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Why saying “thank you” can save your relationship
Thanksgiving is sooo last month, but turns out we should keep its #grateful vibe going, especially when it comes to our love lives. Lab rats at Georgia University quizzed 468 married people and found that those who showed their appreciation to their spouse were more likely to have successful marriages, even if they were going through some rough patches. "We found that feeling appreciated and believing that your spouse values you directly influences how you feel about your marriage, how committed you are to it, and your belief that it will last," said study co-author Ted Futris, according to Science Daily. Attention: by this they mean actual, genuine thank yous, not “thanks so much for not texting me during boys night, so I didn’t stay up all night worrying about you, babe.”
Tossing and turning through eight hours of sketchy sleep during your roommates’ impromptu Drake dance party or logging a solid four hours after staying up until 2 a.m. to finish a paper. Neither of these sleep scenarios is the stuff dreams are made of, but it turns out a short, but solid, sleep may be better for you than a longer, interrupted doze. The proof comes courtesy of scientists at John Hopkins University School of Medicine. They conducted a three-day sleep study – umm….where do we sign up? – and while they found out that everyone was a little crusty after reduced or interrupted sleep, those whose visit from Mr. Sandman was repeatedly disrupted got surlier, faster. To learn how to get a better night’s sleep no matter how many hours you have, click here.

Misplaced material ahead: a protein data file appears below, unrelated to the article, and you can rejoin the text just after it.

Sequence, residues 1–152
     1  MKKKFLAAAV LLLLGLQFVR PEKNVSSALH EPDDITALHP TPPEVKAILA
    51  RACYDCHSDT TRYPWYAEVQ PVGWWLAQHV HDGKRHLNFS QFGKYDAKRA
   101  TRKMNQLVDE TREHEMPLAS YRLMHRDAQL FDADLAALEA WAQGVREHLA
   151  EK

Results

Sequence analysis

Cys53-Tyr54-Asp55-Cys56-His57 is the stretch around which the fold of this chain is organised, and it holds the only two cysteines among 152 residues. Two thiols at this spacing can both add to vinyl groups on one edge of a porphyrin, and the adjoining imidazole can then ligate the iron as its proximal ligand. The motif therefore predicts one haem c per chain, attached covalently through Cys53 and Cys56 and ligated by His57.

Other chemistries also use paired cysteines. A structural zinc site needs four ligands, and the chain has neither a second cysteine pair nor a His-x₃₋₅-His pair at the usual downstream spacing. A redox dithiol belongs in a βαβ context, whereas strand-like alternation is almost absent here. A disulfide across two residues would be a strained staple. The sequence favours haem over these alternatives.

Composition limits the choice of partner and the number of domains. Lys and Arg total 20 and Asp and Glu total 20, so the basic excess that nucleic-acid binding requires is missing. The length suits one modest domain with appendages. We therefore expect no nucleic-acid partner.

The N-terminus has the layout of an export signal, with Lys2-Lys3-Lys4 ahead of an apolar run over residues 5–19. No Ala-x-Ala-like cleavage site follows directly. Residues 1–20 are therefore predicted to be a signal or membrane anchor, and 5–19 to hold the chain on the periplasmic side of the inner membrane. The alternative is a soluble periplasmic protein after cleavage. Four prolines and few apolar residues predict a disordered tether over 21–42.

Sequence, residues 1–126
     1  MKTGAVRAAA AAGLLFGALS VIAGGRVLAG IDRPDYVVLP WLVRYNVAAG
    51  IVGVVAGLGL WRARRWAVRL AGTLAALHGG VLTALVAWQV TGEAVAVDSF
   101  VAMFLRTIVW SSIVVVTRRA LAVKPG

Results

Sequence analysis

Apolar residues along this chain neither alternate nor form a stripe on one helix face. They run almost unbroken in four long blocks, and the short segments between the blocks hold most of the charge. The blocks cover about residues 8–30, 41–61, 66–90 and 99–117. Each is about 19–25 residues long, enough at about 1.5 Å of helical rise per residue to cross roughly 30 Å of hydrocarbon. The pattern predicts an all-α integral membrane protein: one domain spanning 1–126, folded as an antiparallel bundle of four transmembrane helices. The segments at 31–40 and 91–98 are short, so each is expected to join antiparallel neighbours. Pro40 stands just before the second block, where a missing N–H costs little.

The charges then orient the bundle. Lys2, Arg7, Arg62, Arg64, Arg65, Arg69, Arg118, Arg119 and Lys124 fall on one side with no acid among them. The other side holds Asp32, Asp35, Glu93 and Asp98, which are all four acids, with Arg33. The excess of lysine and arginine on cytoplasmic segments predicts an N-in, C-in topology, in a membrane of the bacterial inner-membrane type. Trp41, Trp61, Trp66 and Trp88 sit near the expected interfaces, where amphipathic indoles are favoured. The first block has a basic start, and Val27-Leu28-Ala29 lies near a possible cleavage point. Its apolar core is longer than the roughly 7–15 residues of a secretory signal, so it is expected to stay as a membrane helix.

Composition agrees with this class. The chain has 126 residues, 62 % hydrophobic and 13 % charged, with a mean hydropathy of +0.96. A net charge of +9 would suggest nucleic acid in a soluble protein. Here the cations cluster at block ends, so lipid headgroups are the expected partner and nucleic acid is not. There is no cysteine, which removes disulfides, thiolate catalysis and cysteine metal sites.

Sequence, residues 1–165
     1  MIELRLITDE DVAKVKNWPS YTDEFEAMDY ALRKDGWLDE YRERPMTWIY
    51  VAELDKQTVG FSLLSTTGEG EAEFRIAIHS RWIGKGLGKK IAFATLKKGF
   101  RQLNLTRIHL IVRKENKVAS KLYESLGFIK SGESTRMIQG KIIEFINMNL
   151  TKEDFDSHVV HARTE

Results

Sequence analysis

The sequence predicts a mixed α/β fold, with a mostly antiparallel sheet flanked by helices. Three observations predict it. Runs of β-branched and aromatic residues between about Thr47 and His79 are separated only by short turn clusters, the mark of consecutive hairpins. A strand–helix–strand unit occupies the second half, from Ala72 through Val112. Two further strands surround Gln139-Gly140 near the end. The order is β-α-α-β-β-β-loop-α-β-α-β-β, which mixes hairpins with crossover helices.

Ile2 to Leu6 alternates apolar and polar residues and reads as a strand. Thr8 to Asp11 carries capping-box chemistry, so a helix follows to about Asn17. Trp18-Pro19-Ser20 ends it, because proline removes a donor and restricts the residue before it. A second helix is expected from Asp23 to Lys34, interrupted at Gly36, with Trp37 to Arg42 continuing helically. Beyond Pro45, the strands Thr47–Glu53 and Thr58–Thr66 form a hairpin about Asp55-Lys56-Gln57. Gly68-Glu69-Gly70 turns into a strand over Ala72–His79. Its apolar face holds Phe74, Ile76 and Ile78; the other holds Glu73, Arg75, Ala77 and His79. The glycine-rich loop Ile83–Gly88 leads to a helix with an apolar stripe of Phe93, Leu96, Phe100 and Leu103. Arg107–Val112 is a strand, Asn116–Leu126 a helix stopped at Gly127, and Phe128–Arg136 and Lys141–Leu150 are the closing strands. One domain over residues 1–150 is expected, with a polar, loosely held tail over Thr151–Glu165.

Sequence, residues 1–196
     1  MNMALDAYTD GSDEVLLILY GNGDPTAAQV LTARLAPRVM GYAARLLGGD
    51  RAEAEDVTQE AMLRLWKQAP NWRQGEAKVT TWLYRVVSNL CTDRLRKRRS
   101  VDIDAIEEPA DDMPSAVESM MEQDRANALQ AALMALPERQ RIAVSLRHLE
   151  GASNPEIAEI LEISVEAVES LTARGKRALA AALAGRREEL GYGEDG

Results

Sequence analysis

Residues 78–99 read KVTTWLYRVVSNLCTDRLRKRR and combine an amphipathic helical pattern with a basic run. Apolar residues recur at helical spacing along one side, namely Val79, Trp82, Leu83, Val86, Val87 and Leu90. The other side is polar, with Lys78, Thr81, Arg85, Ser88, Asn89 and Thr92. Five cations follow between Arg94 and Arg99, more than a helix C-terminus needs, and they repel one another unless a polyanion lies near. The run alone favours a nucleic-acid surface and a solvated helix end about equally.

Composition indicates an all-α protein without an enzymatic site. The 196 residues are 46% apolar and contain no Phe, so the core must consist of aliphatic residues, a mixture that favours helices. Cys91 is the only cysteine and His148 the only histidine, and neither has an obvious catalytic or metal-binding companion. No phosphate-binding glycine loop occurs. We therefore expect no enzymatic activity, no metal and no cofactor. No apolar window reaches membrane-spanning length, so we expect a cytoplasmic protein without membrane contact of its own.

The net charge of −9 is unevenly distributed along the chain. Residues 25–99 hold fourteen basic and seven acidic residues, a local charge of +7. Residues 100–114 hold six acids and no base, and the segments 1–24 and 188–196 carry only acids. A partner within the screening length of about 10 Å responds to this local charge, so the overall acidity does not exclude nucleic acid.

The sweet tooth gene
Does the above image get your heart racing a little bit faster? We feel ya. You can blame your parents. Scientists in London have tracked down two variants in some people’s DNA that can make the brain crave junk food more. That’s the perfect excuse not to play hard-to-get when it comes to the cheese platter your bestie put out for girls’ night.
Triple word play?
Attention Scrabble and fitness buffs (we know you’re out there.) The noun athleisure is going to be added to the Merriam-Webster dictionary in 2016. Its official definition is “casual clothing designed to be worn both for exercising and for general use." But we prefer to describe it as the new trend we’re spending all our money on.